The title of the song is a kind of joke/proverb. For instance, many rock bands that are well past their prime continue to be "Big in Japan" long after they cannot draw a large audience in the UK or US.
However, this song is mostly about a couple, who tries to get off a heroin addiction. The lead signer Marian Gold explains this this way:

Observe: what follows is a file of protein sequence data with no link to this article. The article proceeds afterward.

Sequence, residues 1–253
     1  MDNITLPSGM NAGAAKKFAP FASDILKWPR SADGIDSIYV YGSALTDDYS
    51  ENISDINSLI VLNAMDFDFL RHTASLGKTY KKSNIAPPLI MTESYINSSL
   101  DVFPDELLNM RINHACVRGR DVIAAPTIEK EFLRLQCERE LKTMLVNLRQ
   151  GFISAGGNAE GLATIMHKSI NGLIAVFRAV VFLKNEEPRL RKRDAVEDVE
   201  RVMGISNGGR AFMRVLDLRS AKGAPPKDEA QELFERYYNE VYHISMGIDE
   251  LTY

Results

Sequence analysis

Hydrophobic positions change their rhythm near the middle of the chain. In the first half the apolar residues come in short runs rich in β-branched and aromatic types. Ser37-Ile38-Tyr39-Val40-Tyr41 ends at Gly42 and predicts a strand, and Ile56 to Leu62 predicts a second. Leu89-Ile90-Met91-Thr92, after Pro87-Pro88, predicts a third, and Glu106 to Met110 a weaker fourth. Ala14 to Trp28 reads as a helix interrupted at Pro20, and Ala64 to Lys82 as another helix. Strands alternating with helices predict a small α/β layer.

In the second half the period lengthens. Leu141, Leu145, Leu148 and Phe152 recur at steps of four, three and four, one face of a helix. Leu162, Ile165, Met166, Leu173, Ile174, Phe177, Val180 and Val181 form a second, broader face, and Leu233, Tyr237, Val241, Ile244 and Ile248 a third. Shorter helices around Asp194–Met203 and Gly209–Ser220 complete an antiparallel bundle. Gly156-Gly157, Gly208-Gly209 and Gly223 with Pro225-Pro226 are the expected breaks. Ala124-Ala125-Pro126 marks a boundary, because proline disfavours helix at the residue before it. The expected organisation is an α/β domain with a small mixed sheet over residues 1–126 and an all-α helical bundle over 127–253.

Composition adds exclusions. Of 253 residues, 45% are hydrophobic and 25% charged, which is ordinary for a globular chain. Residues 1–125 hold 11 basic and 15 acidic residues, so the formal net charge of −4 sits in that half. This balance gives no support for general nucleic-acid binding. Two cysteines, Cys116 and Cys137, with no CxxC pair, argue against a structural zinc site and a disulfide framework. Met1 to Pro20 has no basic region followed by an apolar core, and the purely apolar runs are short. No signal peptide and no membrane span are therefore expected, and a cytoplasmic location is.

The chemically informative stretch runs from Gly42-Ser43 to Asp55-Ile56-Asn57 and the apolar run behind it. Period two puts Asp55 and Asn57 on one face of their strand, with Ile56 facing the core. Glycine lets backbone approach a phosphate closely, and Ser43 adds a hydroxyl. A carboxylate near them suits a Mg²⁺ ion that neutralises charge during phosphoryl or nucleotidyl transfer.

"I must admit the only ones who understood the meaning of the song correctly were Bernhard (Lloyd) and our then publisher Andy Budde. Bernhard recognized the quality of the song and Andy the ability of its marketing. 'Big In Japan' tells about a couple of lovers trying to get off Heroin. They both imagine how great it would be to love without the drug: no steal, no clients, no ice age in the pupil, real emotions, true worlds. Till nowadays Berlin station Zoo is an important meeting place for junkies. That's why this place became a venue of the song. In 1977 I was quite regular in a club in Kreuzberg, the SO36. I hoped to meet David Bowie. There was the rumor he would be in Berlin for withdrawal treatment in that period. There was a fellow, who sold stuff of independent bands from US and UK. I bought the album of a British band named Big In Japan. "Big in Japan" meant so much as if you are nothing in your environs, you can be big somewhere else. You can be a king in another world. And if you aren't that, you can tell it at home. Japan is so far away. Anyway that statement fit perfectly to the story of the couple of lovers. So I used it for the refrain of the song. It was strange: as we released the song later, Frankie Goes To Hollywood was the #1 in the charts with "Relax" and we needed some weeks to edge them out. And Holly Johnson, the singer of the band, was the singer of this band "Big in Japan," who I stole the line some years ago, before he came to Frankie Goes To Hollywood."